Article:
As a veteran of Professor Emeritus Charles V. Hamilton’s Black Political Science class and a former member of Manhattan Community Board 9, I applaud and support the reasoning you present in the Spring 2017 issue for capitalizing the letter “B” in “Black.” Thank you for your journalistic courage and integrity.

P.S. The Spring 2017 issue is among the best — if not the best — I’ve read in the past forty years.

Richard Sussman ’76CC 
Nyack, NY


Coed Before Coeducation

It is worth noting that while the College graduated its first coeducational class only thirty years ago, the engineering school was coed long before (Finals, Spring 2017). Although not many women chose engineering in the 1950s, there were some in each department. I believe I was the only woman graduating in electrical engineering in 1958.

Suzanne Palocz ’58SEAS 
Cranbury, NJ


Tough Love

Judging from the interview “Weighty Matters” (The Big Idea, Spring 2017), Michael Rosenbaum has made impressive contributions to obesity research and education. But I wonder if the good doctor may be allowing his benign nature to displace the sterner counsel that is needed to fight this hugely destructive disease. When asked “What would you tell a relative who needed to lose weight?” Rosenbaum answers that it’s not the person’s fault: being overweight is a biological disease, so by inference, blame is unwarranted. 

I agree that it’s desirable to avoid needlessly injuring an afflicted person’s feelings, but I think we are still obliged to raise public awareness of unhealthy behavior, and to strongly urge individuals to take some responsibility for what they do to themselves and their kin. We ought not to be purely understanding when we see (as I have) a mother feed her five-year-old Pop-Tarts and Coca-Cola for breakfast. We should not react only with tolerance when a young man gorges himself till his weight triples and he succumbs to diabetes and heart disease.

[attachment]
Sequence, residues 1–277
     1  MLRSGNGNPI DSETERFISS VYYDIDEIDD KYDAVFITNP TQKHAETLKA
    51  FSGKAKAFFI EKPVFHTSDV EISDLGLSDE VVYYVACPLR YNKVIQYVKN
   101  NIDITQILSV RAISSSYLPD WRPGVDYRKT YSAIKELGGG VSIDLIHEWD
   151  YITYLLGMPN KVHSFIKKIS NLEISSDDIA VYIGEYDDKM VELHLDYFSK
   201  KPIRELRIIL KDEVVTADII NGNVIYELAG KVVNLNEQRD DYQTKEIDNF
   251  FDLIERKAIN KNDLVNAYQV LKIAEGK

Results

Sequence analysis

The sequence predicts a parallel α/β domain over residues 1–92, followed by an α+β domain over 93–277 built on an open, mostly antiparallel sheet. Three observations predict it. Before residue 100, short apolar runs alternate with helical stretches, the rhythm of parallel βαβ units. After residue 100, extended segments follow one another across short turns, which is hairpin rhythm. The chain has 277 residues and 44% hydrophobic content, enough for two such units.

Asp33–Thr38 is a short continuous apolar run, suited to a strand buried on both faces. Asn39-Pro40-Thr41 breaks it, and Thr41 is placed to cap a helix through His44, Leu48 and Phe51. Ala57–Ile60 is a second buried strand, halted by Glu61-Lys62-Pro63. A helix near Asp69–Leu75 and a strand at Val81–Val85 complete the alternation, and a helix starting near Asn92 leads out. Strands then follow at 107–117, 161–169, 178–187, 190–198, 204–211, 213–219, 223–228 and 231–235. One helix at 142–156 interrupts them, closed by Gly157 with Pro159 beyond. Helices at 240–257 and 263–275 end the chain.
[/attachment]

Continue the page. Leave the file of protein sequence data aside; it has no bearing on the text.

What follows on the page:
What needs to be done? We’ve seen that, to some degree, health authorities and doctors have been effective in discouraging smoking. Surely they must do the same and more about “weighty matters.” Perhaps Rosenbaum will agree that to mount an effective campaign against obesity, we need tough love as well as sympathy. 

Irwin Shishko ’51GSAS 
Delray Beach, FL


Trump and Immigration

While I’m not surprised that students and the liberal-left faculties of many otherwise learned universities took part in the attacks against President Donald Trump that followed his election and inauguration earlier this year, I was disappointed that Columbia Magazine gave prominent attention to these negative reactions by both the Speaker of the New York City Council and the president of the University. Both based their vitriolic reactions on the administration’s tightened regulation of immigration. Both failed to recognize that entry to any country by those born or residing elsewhere is not a right but a privilege granted by the receiving nation. 

Societies have always set standards upon which acceptance and recognition are based — standards relating to health, morality, financial self-support, intent, and, above all, security. One would not open the door to one’s home without applying standards of acceptability. Columbia University would not admit a student who has not met the academic, social, or moral standards it has established to protect both its reputation and the safety of its student body.